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What is the difference between measures of center and measures of variability?
To put it simple, try to capture the nonrandomness of a random variable or population. , on the other hand, try to capture how this process varies.The intuitive notion is quite straightforward so I will give some examples of each.
This answer , has a good explanation of measures of center.
The most common measures of variability are basically of two types:

Range, interquartile range and similar . The range is simply ##"Largest value  lowest value"## of the population, pay attention that the range doesn't make sense in case of a distribution, as you already know their lowest and maximum value, it is only use in empirical data to have a sense of how far apart your data points are spread. but it doesn't take into account how densely packed the data or distribution is . There is interquartile range , Interdecile range , and others measures are that similar to the range.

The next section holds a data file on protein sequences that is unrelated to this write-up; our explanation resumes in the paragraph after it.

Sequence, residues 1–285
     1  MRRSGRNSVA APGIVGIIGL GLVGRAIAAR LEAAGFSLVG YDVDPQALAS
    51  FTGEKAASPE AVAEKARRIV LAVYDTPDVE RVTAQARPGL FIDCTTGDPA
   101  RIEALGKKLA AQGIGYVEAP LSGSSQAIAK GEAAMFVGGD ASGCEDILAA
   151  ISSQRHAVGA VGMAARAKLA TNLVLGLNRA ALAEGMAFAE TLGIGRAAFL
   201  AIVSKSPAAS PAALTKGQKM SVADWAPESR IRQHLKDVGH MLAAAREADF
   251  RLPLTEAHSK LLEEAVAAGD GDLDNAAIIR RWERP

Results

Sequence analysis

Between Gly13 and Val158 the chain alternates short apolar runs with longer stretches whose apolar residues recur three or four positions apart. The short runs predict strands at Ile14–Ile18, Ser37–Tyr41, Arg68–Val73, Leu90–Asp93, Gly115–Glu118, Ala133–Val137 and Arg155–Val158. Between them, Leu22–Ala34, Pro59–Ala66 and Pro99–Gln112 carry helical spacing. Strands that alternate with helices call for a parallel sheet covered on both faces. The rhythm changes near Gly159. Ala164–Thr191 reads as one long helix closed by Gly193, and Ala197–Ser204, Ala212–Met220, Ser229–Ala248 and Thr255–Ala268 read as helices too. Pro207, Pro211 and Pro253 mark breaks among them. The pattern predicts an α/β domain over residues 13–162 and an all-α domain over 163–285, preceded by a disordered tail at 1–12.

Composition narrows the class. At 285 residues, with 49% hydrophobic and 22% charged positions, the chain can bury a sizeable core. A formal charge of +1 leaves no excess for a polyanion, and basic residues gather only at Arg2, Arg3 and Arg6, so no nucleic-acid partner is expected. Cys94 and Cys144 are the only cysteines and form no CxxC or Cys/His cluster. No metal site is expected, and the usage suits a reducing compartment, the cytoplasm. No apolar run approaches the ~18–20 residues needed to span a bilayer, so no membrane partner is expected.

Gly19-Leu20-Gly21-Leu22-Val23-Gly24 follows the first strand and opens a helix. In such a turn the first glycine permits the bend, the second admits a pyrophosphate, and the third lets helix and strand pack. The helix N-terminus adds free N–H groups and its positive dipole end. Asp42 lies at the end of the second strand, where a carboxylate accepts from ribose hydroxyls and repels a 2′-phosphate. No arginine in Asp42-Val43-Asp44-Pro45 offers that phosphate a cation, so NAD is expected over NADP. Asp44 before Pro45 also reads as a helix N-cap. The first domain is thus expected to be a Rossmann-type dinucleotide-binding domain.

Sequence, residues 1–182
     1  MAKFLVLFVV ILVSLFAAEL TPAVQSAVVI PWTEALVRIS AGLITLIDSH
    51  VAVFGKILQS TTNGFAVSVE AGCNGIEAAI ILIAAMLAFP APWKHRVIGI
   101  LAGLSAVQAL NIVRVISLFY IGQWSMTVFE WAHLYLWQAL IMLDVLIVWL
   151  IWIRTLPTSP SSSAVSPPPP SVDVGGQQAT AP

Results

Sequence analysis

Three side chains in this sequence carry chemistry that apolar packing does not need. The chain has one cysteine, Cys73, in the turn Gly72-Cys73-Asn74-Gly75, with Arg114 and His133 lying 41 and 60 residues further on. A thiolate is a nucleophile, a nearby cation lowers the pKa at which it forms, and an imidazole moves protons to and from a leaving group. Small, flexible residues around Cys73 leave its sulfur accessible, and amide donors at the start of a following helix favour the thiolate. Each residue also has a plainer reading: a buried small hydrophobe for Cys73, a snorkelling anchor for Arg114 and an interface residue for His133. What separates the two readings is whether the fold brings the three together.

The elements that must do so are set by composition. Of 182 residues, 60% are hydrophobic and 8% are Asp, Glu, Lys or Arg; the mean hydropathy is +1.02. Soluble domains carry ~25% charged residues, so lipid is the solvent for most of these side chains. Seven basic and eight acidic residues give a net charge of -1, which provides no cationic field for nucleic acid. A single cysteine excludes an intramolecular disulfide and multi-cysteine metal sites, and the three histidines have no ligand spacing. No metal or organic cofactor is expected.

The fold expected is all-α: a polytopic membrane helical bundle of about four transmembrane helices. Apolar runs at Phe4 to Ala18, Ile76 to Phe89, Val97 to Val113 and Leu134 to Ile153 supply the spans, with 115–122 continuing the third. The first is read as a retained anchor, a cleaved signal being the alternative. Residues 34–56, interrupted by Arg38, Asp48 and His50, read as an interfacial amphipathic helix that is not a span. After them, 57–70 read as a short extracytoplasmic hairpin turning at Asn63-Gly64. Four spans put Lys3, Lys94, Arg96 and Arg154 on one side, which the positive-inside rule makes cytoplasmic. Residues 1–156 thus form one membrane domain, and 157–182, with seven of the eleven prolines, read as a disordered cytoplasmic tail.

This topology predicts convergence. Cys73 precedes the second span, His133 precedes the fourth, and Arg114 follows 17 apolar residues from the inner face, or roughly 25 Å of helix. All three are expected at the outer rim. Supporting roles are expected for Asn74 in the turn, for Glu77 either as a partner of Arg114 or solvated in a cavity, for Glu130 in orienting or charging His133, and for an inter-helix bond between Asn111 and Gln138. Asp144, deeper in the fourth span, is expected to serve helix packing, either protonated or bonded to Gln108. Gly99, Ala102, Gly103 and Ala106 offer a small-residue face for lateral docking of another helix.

Variance and standard deviation The variance measures how spread out is the data, it does however take into account 2 things: The farther from the mean the point is, the larger it contributes to the variance and it takes into account every point and the probability of it happening. Its formula is: ##E(XE(X))^2##, the expected value ponder the probability of each event happening and the square "punishes" how father apart the value is from the mean. If you are more into the "practical side of statistics" the sample variance may be easier for you to understand the inner workings of the formula, the sample variance is: ##1/(n1)*sum_(i=1)^n(y_i(sum_(k=1)^ny_k)/n)##. The standard deviation is simply the square root of the variance.
There are other measures of variance , some of them used in specific context and/or in more advanced analysis